If you look at
the Winston Cup points standings heading into tomorrow’s
Samsung/Radio Shack 500 at Texas Motor Speedway you might
see a name you didn’t expect to see – Michael Waltrip.
Waltrip celebrates his Daytona 500 win
currently 4th in points, is enjoying his best season ever.
Since 1997, he’s never been higher than 10th in the points
going into the seventh race of the season.
Seeing Waltrip in the top five at this stage of the season
is a bit of a surprise, especially for a driver who’s only
success has seemed to come at restrictor-plate tracks, where
he has scored his only point victories.
This weekend Waltrip will face his toughest challenge yet,
trying to notch his first win on a non-restrictor-plate
track on the high banks of Texas Motor Speedway.
Although his best finishes at Texas have been a pair of
ninth-place showings, Waltrip is optimistic about his
chances heading into Sunday’s race.
"We feel good about our efforts that we'll take to Texas,”
Waltrip said. “Our cars have been really good. We were good
at Las Vegas. We feel good about our set-up and about our
Waltrip has managed to notch three top-five finishes this
season, but has also had his share of frustration, finishing
19th at Rockingham and 27th at Atlanta.
Take away those two sub-par performances, along with his
25th-place showing last weekend at Bristol, and Waltrip
would be leading the standings, rather than trailing leader
Matt Kenseth by 149 points.
"We didn't expect to run bad at Atlanta,” Waltrip said.
“That's been a really good track for me over the years. In
addition, we didn't expect to run bad at Rockingham. We
didn't perform very well at either one of those places. We
think things could be a lot better.”
Brimming with confidence after his third-place finish at Las
Vegas, Waltrip believes his team is capable of success at
any track, not just Daytona.
“Our performance at Vegas was right on target,” said
Waltrip. “We felt like we could be really good at any type
of track, whether it be flat, banked, or whatever. We went
to Darlington and had a good run there. We had a fast car
but just ran out of laps. All in all, it's been okay.”
“I've always felt that no one could do it better than me at
a restrictor plate track. For many years, I just didn't have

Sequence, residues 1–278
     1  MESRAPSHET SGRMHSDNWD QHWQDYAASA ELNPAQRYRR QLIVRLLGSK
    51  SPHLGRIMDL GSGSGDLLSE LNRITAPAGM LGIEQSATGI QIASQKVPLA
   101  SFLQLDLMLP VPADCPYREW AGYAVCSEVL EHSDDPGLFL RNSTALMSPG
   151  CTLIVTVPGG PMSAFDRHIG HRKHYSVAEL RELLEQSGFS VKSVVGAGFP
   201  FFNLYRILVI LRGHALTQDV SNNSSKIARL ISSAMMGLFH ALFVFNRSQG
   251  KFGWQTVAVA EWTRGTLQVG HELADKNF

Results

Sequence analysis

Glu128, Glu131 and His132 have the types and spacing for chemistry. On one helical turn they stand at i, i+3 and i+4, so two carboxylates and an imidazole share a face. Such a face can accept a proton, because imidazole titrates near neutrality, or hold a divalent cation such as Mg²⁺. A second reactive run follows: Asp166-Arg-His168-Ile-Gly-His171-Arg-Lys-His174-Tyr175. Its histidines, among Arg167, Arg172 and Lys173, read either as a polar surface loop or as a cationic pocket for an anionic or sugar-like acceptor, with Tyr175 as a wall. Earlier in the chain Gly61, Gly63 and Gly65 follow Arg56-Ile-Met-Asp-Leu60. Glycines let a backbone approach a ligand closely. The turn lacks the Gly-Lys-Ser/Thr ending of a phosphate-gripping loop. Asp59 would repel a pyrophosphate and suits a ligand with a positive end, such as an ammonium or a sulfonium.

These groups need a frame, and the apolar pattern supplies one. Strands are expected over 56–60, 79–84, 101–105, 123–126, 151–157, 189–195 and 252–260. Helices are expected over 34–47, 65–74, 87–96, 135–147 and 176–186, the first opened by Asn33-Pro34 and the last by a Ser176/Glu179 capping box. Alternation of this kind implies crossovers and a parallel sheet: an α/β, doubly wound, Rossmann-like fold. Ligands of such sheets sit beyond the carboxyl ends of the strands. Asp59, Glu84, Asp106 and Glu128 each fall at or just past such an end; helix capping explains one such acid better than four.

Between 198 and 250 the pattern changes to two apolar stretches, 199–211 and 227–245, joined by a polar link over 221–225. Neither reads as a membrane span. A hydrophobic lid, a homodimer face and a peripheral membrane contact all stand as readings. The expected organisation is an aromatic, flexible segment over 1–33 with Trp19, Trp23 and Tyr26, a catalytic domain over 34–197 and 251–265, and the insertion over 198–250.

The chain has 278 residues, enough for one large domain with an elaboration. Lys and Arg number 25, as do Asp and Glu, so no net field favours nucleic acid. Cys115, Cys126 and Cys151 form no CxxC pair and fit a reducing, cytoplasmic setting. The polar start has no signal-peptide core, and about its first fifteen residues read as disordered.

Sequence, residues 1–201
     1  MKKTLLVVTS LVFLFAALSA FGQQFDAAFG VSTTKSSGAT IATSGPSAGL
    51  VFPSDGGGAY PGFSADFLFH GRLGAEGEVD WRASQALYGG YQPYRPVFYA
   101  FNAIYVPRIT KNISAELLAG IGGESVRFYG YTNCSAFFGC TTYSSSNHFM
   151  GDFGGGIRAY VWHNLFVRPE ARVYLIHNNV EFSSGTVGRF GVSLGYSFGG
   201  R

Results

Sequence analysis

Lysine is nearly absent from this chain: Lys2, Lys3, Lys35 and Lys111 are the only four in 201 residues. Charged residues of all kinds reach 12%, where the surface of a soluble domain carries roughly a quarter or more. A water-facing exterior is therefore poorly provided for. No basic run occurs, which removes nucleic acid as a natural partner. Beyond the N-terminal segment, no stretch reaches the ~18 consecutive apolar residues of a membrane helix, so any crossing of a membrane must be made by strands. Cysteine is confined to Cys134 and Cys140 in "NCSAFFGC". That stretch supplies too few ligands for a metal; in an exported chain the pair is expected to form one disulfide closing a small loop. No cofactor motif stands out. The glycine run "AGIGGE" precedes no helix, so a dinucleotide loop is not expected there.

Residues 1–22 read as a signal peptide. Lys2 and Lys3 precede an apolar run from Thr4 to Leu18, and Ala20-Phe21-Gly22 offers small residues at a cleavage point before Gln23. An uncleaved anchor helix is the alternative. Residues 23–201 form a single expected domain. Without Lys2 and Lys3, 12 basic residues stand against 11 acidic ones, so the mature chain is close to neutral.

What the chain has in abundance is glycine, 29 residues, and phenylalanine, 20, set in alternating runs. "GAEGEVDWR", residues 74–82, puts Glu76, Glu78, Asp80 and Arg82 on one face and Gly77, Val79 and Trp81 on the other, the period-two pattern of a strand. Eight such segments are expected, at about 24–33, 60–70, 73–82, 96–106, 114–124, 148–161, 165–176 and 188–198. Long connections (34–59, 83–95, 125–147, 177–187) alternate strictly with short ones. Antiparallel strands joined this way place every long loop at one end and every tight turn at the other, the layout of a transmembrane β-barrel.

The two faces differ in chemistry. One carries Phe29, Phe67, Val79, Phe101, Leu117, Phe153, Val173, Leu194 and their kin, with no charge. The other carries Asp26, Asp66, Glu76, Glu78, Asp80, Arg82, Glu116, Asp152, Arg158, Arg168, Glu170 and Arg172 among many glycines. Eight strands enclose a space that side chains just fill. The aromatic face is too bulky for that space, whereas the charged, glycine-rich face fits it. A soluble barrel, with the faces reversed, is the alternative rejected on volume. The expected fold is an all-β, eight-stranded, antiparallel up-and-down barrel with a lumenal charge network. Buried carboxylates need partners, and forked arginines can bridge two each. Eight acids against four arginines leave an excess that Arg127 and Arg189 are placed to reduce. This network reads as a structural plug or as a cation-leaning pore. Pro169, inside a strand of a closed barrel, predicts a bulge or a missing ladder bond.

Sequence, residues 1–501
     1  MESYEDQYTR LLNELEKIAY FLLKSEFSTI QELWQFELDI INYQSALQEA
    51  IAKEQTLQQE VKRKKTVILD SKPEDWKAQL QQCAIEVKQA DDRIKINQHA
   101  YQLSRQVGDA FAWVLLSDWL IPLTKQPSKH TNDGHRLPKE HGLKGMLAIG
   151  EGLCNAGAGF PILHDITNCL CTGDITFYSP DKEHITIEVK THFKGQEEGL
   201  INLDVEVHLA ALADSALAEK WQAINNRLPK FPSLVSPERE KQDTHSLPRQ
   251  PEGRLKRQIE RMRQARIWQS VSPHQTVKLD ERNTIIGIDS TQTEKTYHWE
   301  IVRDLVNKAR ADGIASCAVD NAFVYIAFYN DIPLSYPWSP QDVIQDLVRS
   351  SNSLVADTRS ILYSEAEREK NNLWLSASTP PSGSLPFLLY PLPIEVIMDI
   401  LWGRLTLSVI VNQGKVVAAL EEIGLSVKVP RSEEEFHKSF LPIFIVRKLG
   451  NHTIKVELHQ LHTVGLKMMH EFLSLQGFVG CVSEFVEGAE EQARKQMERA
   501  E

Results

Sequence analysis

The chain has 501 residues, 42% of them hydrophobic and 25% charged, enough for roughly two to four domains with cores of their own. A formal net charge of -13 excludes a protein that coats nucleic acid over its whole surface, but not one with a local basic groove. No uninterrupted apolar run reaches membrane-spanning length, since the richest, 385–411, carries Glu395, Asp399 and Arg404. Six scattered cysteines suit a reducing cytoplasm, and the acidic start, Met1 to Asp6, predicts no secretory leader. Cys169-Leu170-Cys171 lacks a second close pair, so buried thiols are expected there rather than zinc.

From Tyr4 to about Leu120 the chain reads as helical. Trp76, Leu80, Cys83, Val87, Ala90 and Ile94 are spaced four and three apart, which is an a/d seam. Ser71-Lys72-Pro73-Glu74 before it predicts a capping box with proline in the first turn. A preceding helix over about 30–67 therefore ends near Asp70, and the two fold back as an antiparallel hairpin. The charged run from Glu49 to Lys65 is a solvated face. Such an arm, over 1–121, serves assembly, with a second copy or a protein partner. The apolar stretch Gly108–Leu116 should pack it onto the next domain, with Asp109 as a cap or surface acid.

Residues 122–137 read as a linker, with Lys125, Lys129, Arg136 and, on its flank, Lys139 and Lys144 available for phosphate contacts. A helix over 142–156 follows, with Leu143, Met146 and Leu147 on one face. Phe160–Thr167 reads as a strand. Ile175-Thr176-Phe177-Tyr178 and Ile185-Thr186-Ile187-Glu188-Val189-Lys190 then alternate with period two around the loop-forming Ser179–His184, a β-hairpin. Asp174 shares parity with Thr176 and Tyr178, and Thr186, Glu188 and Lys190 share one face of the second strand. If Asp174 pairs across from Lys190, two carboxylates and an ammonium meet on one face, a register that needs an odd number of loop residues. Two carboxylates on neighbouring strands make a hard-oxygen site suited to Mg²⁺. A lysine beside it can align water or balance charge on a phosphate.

the cars to do it with. Now I've got a car that's awesome.
It's probably the best car there is out there. With that and
my knowledge of the draft and what it takes to be successful
at a place like Talladega, I just think it's a real good
combination for me."
Much of Waltrip’s success can be attributed to crew chief
Richard “Slugger” Labbe, who came on board late last season.
"Our goal was to be in the top 10, so to be 4th in the
points is definitely better than we thought.” Labbe said,
“It's a step in the right direction, that's for sure.”
"The thing I've got going with Michael is that he's an
awesome race car driver. He's been doing this a lot longer
than I have. I've used his wisdom and knowledge to help me
get better also. So, if he sees something out there and he
knows it's going to help us, I stick behind him. And he
sticks behind me. We don't point fingers and cuss and fight
at each other. If you do, it just destroys the team. So we
try to work together and do this together."
Waltrip agrees it’s more fruitful to get along with his crew
chief, rather than challenge Labbe’s every call.
“That's what that word 'chemistry' is all about,” Waltrip
said. “It's almost like having blind faith. If that's what
he (crew chief) said, then that's the way we're going to go.
I think that's the best way to operate if you want to have
If you want to overrule somebody and be in charge, you might
have success then. But to be good throughout the whole
season, you need to have comradery and mutual respect."
In addition to the right chemistry between driver and crew
chief, Labbe says the introduction of the new Chevrolet
Monte Carlo for 2003 has been a big help as well.
"The 2003 Monte Carlo is just a better balanced race car
than we had last year.” Labbe said, “Last year we qualified
really well. But when you take the tape off the grills, we
had no downforce. The Chevrolets were really hurting. This
year, we don't have that problem. We have a better-balanced
race car with a ton of downforce. It's just a matter of us
learning the new car and getting it balanced right.
We're working hard going to wind tunnels and making sure we
bring the right car to the right race track. But giving
Michael a car that's competitive every week compliments
Winning the Daytona 500 tasted sweet for Waltrip, but a win
at Texas Motor Speedway would go a long way to putting the
icing on the cake and proving the veteran is more than just
a superspeedway ace.
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